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Digital camera (D70) & Moire patterning

Discussion in 'Photography Forums' started by johnmoyle, Jul 16, 2004.

  1. johnmoyle

    johnmoyle
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    I have just purchased a Nikon D70 - FANTASTIC!
    However if I try to photograph photos in books journals etc I get bad moire patterning which does not happen with old fashioned photography.
    Any way around this?
     
  2. apreading

    apreading
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    In a word - No! (sorry)

    Some cameras have less of a problem due to the use of a stronger anti-aliasing filter (look up NyQuist if you want the reasons) in front of the sensor, however the tradeoff is sharpness. Basically this softens the image before the bayer interpolation on the sensor to bring the frequency down below Nyquist and avoid Moire. The D70 went for a weaker AA filter to boost sharpness and supposedly does some anti-aliasing in software, but it is hotly debated how effective software can be after the image capture and generally the conclusion is 'not very'. Be thankful - the Kodak cameras dont have an AA filter at all!
     
  3. woody67

    woody67
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    Buy a flat bed scanner, which will have a scan setting to stop this

    You'll also get a much better copy of the image
     
  4. Peakoverload

    Peakoverload
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    If what apreading is correct wouldnt shooting in RAW bypass this and so get rid of the moir?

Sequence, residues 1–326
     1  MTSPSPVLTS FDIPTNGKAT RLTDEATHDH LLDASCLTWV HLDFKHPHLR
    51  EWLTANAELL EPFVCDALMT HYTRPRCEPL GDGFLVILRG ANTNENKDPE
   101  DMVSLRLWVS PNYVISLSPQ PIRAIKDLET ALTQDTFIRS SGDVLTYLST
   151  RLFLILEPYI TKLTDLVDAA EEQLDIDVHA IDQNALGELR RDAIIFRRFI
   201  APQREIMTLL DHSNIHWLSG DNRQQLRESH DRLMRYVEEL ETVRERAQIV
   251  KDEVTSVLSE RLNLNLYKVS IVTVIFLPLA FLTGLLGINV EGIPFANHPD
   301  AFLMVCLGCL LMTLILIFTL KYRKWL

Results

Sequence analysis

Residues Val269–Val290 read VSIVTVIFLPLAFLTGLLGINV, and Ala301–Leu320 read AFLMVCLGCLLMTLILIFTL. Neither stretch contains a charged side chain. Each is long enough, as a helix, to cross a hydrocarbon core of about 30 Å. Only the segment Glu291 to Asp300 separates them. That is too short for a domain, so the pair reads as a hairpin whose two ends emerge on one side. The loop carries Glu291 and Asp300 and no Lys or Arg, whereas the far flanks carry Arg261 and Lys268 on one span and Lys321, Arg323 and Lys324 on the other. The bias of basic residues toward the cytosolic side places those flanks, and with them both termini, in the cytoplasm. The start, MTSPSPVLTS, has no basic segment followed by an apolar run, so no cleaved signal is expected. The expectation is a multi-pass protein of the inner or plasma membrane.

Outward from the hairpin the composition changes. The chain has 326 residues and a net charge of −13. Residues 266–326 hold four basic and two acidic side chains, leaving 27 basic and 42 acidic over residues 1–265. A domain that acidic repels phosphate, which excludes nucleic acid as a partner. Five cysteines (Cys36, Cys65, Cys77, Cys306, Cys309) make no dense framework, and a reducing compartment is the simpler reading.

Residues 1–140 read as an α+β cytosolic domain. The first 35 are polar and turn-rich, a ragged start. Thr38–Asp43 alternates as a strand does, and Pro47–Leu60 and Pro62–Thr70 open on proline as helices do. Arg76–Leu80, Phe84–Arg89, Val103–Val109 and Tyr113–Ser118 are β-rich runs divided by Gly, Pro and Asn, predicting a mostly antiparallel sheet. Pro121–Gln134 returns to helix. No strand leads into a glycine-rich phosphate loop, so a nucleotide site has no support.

5. woody67

    woody67
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    I thought this was an issue with the sensor chip, and not the file format?
     
  6. apreading

    apreading
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    woody is right - the moire is still captured by the sensor. using RAW does allow for more powerful software techniques to do their best to reduce it as it can spend longer and have more processing power to do the job - but this only works to a limited degree, and only if you have very good software. Kodak and Sigma have put alot of effort into this as they dont use AA filters at all to boost sharpness (plus at the Kodak resolution Nyquist is alot higher and moire is reduced anyway) but Moire is still a problem so they cant fix it properly through software alone.
     
  7. Peakoverload

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    Ahh I understand now.
     

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